A round table was held with Toulouse native TILT, who spoke with Bernard Baudron who founded the Toulouse graffiti shop “South Painters,” and Jordi Rubio Rocabert, who started Montana Colors.

Nearby at Musée Des Abattoirs there was an exhibit of graff and street artists including Delta, Krink, Mist, Futura and Boris Tellegen. As Martha shared with us, Toulouse has a long history of graffiti, and the range and passion of the events at Rose Béton this month again confirm that Toulouse is still at the top of its game.

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ARYZ.  Rose Béton Festival. Toulouse, France. June 2016. (photo © Martha Cooper)

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ARYZ.  Rose Béton Festival. Toulouse, France. June 2016. (photo © Martha Cooper)

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Ben Eine.  Rose Béton Festival. Toulouse, France. June 2016. (photo © Martha Cooper)

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Ben Eine.  Rose Béton Festival. Toulouse, France. June 2016. (photo © Martha Cooper)

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Ben Eine.  Rose Béton Festival. Toulouse, France. June 2016. (photo © Martha Cooper)

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Ben Eine.  Rose Béton Festival. Toulouse, France. June 2016. (photo © Martha Cooper)

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Futura. Musée Des Abattoirs. Rose Béton Festival. Toulouse, France. June 2016. (photo © Martha Cooper)

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Futura. Musée Des Abattoirs. Rose Béton Festival. Toulouse, France. June 2016. (photo © Martha Cooper)

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Futura. Musée Des Abattoirs. Rose Béton Festival. Toulouse, France. June 2016. (photo © Martha Cooper)

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Futura. Musée Des Abattoirs. Rose Béton Festival. Toulouse, France. June 2016. (photo © Martha Cooper)

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Martha Cooper in the center flanked by Sylvain Largot on the left and Henry Chalfant on the right at Galerie Le Chateau D’Eau for their show “EPOXY”. Rose Béton Festival. Toulouse, France. June 2016. (photo courtesy of Martha Cooper)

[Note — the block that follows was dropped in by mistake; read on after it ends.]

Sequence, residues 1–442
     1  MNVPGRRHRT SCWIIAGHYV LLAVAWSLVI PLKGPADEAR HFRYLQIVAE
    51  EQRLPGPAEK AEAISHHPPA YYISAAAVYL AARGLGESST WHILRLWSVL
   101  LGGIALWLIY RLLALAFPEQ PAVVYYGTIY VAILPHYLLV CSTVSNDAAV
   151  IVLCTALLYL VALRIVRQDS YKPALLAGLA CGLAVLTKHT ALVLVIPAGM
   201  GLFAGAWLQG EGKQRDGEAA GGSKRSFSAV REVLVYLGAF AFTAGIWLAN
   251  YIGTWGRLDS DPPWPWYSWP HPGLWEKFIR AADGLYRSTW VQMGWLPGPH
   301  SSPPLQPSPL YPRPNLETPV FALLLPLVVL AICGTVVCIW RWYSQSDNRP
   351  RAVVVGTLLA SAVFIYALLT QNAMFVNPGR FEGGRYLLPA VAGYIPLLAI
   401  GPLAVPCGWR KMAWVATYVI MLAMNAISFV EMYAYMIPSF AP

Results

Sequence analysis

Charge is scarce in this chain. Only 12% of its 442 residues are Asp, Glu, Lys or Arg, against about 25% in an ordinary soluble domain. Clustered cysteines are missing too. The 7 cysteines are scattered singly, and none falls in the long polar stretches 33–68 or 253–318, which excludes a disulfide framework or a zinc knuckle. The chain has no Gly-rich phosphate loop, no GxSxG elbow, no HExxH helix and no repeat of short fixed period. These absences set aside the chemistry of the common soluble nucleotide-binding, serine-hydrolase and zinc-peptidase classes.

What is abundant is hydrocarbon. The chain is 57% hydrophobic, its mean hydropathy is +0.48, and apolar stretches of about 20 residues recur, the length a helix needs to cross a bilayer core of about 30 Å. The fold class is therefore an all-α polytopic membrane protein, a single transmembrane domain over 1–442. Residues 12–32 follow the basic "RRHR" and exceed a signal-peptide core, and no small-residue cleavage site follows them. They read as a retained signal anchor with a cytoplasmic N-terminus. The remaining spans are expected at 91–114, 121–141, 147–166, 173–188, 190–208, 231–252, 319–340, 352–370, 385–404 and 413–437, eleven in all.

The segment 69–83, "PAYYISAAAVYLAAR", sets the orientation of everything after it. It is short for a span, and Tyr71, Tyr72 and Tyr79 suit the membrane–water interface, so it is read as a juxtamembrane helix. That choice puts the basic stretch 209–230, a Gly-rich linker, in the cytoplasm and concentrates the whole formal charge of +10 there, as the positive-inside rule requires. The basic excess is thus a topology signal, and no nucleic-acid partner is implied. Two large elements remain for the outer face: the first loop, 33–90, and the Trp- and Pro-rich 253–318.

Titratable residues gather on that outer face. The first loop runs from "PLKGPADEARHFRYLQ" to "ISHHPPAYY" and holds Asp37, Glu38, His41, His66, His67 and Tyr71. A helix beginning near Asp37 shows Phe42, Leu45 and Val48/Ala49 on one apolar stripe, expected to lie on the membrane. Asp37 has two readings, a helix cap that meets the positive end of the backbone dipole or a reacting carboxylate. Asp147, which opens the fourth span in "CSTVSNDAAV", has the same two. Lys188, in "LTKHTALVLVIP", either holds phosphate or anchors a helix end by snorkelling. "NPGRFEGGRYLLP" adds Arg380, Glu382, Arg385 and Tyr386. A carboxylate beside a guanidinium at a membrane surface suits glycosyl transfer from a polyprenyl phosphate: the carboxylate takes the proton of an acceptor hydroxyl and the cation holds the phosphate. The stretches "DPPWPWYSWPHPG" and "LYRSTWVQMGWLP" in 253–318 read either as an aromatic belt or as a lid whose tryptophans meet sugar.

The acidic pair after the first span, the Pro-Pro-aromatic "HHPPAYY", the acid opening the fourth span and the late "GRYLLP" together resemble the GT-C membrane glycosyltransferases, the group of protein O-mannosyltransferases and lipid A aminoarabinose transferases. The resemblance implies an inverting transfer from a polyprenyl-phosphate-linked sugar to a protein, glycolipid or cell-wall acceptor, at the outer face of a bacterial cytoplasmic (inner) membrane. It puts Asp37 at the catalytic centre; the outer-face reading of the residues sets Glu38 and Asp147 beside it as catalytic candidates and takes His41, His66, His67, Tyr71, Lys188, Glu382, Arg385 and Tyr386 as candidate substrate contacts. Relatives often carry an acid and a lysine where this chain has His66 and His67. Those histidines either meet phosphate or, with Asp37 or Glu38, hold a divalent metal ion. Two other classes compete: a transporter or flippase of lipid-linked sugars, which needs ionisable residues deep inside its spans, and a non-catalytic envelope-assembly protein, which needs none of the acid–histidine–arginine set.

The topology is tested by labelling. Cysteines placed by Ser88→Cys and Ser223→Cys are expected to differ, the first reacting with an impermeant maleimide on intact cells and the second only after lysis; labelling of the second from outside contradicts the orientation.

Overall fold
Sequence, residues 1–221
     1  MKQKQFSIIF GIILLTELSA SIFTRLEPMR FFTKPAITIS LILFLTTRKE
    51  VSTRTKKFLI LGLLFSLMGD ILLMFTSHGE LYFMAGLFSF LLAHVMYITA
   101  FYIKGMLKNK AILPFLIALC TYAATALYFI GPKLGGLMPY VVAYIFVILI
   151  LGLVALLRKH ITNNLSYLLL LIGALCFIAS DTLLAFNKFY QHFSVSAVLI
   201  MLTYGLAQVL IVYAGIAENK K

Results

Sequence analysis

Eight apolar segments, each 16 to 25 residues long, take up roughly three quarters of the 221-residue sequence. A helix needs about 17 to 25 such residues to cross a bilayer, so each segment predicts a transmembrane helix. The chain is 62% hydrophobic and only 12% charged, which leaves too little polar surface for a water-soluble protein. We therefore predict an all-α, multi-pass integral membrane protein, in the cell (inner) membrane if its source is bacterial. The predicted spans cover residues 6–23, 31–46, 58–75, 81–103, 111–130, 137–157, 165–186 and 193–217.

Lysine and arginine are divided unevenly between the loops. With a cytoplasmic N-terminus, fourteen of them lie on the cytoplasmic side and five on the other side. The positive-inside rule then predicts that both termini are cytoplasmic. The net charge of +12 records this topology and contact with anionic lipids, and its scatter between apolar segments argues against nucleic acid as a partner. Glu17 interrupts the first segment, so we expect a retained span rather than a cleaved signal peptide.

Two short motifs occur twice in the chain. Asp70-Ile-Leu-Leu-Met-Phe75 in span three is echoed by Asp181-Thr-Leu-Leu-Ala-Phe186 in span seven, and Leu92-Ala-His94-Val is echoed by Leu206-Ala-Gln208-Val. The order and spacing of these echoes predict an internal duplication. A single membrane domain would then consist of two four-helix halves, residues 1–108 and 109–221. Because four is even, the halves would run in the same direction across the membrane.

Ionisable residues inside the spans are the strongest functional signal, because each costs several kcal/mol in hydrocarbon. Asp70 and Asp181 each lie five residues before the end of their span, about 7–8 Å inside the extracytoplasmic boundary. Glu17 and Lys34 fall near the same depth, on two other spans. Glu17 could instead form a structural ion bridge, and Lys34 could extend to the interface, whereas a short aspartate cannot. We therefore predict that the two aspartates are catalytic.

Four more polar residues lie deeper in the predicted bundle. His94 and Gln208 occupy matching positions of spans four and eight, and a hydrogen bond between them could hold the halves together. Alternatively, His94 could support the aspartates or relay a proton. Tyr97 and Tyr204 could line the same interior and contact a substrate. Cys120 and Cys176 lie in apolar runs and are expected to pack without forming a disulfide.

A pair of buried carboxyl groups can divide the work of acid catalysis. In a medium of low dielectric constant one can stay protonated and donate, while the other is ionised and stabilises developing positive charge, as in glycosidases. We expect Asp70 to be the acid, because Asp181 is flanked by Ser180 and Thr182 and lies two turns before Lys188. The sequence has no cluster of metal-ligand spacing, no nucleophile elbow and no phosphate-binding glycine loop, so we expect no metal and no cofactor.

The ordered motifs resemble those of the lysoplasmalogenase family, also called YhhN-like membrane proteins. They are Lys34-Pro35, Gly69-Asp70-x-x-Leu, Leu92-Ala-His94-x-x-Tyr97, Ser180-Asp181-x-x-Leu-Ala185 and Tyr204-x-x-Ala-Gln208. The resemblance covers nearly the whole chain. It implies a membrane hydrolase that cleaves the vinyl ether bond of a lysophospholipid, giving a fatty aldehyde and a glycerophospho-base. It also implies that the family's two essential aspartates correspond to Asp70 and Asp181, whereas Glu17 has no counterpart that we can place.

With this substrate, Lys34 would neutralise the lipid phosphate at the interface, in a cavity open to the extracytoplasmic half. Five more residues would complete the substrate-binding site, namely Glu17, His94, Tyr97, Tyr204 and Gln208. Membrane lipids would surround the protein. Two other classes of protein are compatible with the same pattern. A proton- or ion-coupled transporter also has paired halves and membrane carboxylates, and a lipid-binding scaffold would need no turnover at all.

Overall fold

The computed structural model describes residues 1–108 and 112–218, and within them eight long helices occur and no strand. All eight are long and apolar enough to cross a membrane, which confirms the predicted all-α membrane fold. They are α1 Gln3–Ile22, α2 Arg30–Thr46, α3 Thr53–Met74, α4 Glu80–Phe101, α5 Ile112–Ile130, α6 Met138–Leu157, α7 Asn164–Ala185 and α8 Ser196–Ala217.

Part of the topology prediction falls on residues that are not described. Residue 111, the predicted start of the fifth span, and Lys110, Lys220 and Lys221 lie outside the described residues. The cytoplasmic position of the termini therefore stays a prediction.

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Poster for “Open Summer” graff jam was called “Hello Brooklyn”.  Rose Béton Festival. Toulouse, France. June 2016. (photo © Martha Cooper)

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Bomin82. “Open Summer” graff -jam.  Rose Béton Festival. Toulouse, France. June 2016. (photo © Martha Cooper)

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Bomin82. “Open Summer” graff -jam.  Rose Béton Festival. Toulouse, France. June 2016. (photo © Martha Cooper)

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Ledania. “Open Summer” graff -jam.  Rose Béton Festival. Toulouse, France. June 2016. (photo © Martha Cooper)

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Ever and ECB happy encounter at the “Open Summer” graff -jam.  Rose Béton Festival. Toulouse, France. June 2016. (photo © Martha Cooper)

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Remeio. Rose Béton Festival. Toulouse, France. June 2016. (photo © Martha Cooper)

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Krink. Work in progress. Musée Des Abattoirs. Rose Béton Festival. Toulouse, France. June 2016. (photo © Martha Cooper)

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Delta. Work in progress. Musée Des Abattoirs. Rose Béton Festival. Toulouse, France. June 2016. (photo © Martha Cooper)

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From let to right: Tilt, Jordi Rubio Rocabert and Bernard Baudron. Rose Béton Festival. Toulouse, France. June 2016. (photo © Martha Cooper)

Thank you to Ms. Cooper and Mr. Beikirch for sharing their photos with us.

To learn more about Rose Béton Festival click HERE

To learn more about Musée Des Abattoirs and their hours of operation, exhibitions etc…click HERE

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BSA Images Of The Week: 04.17.16

BSA Images Of The Week: 04.17.16

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Hillary Clinton announced in Brooklyn this week that she supports raising the minimum wage to $250,000 a speech while Bernie Sanders scoped around the showroom of a Danish furniture designer in the Brooklyn Navy Yard to order a new blond wood desk and chair for the Oval Office. The two sparred live on national TV from Brooklyn Thursday but you couldn’t tell they were in the BK because the CNN logos engulfed the screen and candidates and the actual citizens were reduced to a babbling rabble who hooted and hollered like sports fans somewhere in the dark. Wonder how long CNN intends to have their brand new warehouse-sized logo beaming across the river at Manhattan.